What’s new in Italy right now
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Planning a trip to Italy this summer? You’re in luck: Italy just dropped the last coronavirus-related entry restrictions. As of June 1, you no longer need to show proof of vaccination or a negative COVID-19 test in order to enter the country.
Also, as of May 1, the green pass and super green pass are no longer needed to visit museums, dine out at restaurants, go to bars, etc. Masks are optional (but still encouraged) at museums and shops, though they’re still required on public transportation, including metros, buses, trains, ferries and planes until at least June 15.
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For many Americans, this is the summer to visit Italy. In fact, according to a survey conducted by Airbnb, Venice is the top travel destination of the summer. Capri made their list of the top travel destinations, too.
If you want to visit Italy this summer, there’s a lot to see and do. Trendy new hotels have opened everywhere from the Dolomites in the north to Sicily in the south. Archeological sites have been restored, museums opened and much more. Here’s everything to watch for on your next trip to Italy.
Fabulous new hotels
A handful of trendy new hotels have opened in Rome, and there are a lot more coming soon. The coolest new kid on the block is the W Rome, which occupies two historic buildings tucked behind Via Veneto.
The sleek design was inspired by the city’s archeological sites and Mediterranean colors, with check-in desks that resemble gladiator chariots, a mural by local painter Costanza Alvarez de Castro and subtle nods to buildings like the Pantheon. Giano restaurant is the hottest table in town thanks to the menu by Sicilian chef Ciccio Sultano, who is behind the Michelin-starred restaurant Duomo. The hotel’s rooftop restaurant, Otto, is a hotspot for Aperol spritzes and pizza by Rome’s rising star pizzaiolo, Pier Daniele Seu.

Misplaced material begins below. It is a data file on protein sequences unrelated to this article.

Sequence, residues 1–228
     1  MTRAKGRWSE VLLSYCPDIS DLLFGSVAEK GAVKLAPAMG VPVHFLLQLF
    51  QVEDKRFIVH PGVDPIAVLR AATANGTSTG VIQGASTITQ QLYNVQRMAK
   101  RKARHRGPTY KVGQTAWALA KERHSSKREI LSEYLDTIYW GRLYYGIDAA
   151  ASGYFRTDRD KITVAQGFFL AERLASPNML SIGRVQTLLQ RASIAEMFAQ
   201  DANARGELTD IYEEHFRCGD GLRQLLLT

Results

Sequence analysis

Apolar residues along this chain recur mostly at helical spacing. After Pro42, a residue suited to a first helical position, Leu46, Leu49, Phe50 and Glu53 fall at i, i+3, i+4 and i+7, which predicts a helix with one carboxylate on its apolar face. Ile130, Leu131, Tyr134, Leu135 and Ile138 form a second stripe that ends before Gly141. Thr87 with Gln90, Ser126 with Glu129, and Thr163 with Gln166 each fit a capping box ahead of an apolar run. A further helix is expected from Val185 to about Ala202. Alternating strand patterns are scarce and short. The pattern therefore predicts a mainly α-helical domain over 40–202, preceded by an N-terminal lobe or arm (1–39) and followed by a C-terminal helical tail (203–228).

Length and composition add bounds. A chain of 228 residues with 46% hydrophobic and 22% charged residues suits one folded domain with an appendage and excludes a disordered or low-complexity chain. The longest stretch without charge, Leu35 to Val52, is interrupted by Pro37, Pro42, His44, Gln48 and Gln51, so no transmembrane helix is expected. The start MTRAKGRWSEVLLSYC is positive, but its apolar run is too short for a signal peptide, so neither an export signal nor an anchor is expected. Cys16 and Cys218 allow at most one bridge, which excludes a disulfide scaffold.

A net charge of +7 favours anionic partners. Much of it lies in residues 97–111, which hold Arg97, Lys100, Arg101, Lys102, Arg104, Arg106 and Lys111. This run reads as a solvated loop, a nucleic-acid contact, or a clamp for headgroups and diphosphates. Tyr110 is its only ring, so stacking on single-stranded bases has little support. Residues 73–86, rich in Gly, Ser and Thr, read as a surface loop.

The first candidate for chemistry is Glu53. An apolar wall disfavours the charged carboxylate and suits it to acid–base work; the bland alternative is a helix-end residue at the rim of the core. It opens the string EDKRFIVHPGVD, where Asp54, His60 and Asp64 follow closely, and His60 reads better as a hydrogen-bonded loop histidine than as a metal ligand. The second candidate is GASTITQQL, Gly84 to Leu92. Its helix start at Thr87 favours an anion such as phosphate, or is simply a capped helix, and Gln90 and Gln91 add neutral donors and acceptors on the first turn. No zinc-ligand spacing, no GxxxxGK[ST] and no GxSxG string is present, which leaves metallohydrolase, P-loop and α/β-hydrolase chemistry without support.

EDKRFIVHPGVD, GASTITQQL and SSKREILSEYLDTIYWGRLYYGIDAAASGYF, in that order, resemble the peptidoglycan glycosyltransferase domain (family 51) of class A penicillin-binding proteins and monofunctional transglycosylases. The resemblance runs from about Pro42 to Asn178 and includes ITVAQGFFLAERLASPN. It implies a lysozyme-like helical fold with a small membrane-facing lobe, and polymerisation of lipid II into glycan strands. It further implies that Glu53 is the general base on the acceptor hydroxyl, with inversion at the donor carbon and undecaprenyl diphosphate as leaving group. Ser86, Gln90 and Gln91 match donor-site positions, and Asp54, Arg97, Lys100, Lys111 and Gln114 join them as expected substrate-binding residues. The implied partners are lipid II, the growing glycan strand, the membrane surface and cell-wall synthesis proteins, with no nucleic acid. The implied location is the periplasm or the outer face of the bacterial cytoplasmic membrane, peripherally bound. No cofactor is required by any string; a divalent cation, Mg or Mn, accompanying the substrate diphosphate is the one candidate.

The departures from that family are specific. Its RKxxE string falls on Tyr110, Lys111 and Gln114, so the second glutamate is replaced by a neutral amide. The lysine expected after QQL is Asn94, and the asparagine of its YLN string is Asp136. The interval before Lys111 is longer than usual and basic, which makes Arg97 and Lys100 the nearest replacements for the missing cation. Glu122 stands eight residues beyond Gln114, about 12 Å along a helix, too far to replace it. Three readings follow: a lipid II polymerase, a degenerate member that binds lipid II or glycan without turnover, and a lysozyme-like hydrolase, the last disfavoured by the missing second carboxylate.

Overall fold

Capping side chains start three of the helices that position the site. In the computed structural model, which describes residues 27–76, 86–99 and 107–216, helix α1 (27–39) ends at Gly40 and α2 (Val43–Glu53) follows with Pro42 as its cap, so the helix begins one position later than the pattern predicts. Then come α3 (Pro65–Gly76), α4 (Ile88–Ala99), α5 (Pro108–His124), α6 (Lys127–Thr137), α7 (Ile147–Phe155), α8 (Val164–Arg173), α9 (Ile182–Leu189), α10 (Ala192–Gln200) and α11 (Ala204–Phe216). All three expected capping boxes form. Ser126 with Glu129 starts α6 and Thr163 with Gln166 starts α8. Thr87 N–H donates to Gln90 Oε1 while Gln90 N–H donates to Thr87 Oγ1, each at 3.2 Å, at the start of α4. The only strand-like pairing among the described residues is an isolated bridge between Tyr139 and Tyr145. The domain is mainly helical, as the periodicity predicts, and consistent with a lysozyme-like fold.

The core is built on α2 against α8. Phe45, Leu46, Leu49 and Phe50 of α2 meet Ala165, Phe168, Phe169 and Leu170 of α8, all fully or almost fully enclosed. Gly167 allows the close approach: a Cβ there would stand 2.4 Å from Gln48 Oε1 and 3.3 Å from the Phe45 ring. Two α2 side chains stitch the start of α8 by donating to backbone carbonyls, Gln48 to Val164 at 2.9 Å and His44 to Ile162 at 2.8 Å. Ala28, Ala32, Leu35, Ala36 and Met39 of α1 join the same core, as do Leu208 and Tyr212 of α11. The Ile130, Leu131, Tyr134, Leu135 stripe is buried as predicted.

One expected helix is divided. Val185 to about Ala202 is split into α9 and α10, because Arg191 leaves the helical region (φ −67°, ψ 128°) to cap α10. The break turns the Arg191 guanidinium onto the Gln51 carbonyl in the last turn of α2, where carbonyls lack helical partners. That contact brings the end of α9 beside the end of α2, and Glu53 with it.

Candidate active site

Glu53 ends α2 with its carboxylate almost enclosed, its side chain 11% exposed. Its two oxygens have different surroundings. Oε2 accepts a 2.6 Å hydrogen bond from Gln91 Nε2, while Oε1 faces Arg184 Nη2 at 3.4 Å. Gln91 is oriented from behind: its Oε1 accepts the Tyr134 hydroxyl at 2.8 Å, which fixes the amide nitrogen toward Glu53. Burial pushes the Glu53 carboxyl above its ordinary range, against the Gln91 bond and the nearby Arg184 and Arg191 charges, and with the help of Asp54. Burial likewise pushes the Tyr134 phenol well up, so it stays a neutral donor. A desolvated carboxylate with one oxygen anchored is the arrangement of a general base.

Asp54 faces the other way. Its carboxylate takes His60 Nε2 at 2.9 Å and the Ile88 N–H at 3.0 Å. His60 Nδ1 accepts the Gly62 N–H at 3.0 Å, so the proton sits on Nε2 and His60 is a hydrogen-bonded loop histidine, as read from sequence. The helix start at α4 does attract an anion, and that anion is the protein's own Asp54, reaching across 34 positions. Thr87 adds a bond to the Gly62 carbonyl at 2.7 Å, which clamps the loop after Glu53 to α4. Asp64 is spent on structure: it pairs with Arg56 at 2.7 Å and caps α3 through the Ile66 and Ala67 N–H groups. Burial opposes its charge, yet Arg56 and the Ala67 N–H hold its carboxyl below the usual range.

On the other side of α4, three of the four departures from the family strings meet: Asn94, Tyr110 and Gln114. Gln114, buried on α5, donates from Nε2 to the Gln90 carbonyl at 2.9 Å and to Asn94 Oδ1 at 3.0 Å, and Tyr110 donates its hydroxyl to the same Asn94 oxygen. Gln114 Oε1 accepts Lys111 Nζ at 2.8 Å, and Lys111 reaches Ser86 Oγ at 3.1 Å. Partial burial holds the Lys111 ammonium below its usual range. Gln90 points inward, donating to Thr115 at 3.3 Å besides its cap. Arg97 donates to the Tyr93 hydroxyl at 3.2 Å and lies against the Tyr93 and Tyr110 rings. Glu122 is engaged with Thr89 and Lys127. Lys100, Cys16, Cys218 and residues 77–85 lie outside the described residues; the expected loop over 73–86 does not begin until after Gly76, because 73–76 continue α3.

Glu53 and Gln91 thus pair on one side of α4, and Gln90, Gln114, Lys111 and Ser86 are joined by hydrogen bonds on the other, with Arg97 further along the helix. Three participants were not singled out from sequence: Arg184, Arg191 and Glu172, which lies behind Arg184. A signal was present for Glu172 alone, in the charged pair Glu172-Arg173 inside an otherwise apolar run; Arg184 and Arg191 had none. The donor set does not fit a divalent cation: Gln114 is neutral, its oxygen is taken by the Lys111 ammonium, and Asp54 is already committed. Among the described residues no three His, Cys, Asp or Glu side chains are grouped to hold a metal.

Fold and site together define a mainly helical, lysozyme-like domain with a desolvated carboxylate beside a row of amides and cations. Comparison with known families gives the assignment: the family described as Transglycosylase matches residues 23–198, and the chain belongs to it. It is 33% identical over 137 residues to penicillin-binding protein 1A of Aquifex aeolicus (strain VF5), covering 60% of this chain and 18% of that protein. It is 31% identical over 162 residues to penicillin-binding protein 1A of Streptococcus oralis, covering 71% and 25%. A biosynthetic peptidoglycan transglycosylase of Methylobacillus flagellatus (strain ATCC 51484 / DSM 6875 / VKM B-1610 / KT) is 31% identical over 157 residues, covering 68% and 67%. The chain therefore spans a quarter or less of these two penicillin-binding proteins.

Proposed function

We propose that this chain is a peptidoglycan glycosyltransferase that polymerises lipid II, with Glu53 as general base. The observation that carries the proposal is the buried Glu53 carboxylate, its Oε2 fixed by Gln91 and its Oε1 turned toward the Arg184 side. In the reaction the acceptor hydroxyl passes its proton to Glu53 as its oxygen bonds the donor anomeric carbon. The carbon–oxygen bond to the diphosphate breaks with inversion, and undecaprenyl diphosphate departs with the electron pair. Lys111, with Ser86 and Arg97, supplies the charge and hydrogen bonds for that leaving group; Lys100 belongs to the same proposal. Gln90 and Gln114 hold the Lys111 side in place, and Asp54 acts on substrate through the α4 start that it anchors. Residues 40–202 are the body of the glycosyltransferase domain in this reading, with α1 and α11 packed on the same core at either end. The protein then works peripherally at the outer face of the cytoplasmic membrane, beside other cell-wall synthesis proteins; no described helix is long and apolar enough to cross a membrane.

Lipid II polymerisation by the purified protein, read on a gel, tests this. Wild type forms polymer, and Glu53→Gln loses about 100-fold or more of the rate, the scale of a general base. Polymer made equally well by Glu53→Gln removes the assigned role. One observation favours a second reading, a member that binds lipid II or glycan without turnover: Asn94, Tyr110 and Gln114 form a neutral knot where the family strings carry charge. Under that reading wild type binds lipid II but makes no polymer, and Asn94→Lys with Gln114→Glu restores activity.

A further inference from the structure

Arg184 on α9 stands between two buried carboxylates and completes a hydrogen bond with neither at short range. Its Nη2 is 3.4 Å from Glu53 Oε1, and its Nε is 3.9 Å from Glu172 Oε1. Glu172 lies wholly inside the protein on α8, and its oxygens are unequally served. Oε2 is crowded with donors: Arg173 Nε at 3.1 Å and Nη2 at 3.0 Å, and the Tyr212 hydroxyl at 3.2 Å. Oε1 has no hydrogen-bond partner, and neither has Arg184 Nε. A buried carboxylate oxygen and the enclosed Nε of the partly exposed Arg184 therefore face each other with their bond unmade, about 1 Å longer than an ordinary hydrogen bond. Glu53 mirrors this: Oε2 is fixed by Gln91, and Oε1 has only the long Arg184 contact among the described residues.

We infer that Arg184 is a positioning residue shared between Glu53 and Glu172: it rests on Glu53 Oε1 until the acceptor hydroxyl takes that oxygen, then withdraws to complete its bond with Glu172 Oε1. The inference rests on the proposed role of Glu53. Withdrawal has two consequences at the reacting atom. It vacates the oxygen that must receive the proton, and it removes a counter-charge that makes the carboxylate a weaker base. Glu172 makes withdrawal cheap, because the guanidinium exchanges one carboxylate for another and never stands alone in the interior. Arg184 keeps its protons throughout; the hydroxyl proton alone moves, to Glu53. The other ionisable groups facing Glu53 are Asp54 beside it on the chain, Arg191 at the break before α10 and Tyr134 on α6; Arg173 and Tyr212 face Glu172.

Rome also welcomed hotels by Soho House, Mama Shelter and Hoxton, all of which are known for their great design and dining venues. Soho House members can access the brand’s sleek new hotel in the San Lorenzo district; the rooftop pool and restaurant are an oasis in the city.
Mama Shelter Roma prides itself on being a sex-positive, LGBTQIQ+-friendly space (rooms have a selection of free movies, including adult films), and has a rooftop bar and restaurant with views of St. Peter’s Basilica. The Hoxton Rome, meanwhile, has a 1970s-inspired design and a great restaurant serving California cuisine.
In Florence, travelers will find two notable newcomers: 25hours Piazza San Paolino and IL Tornabuoni, a member of the Hyatt Unbound Collection. The former feels like staying in a Dante-inspired fever dream where, upon checking in, you’re assigned a room in either heaven or hell. (In my opinion, the hell rooms with their red color scheme are more fun.)
The latter is a more grown-up affair on Florence’s most upscale shopping street. The Category 6 hotel’s design features rich jewel tones, plush furniture and playful touches like screen-printed animals and insects on the walls.
Dreaming of the Amalfi Coast? The hottest new hotel is Borgo Santandrea, a design dream perched on a cliff just 15 minutes from the center of Amalfi. It’s the only five-star hotel to open on the coast in more than a decade, as well as the only property with a private sandy beach club. Inspired by legendary midcentury architect Gio Ponti, the hotel features 31 blue-and-white tile designs throughout. The most Instagrammable suites are the ones with the zigzag floor tiles.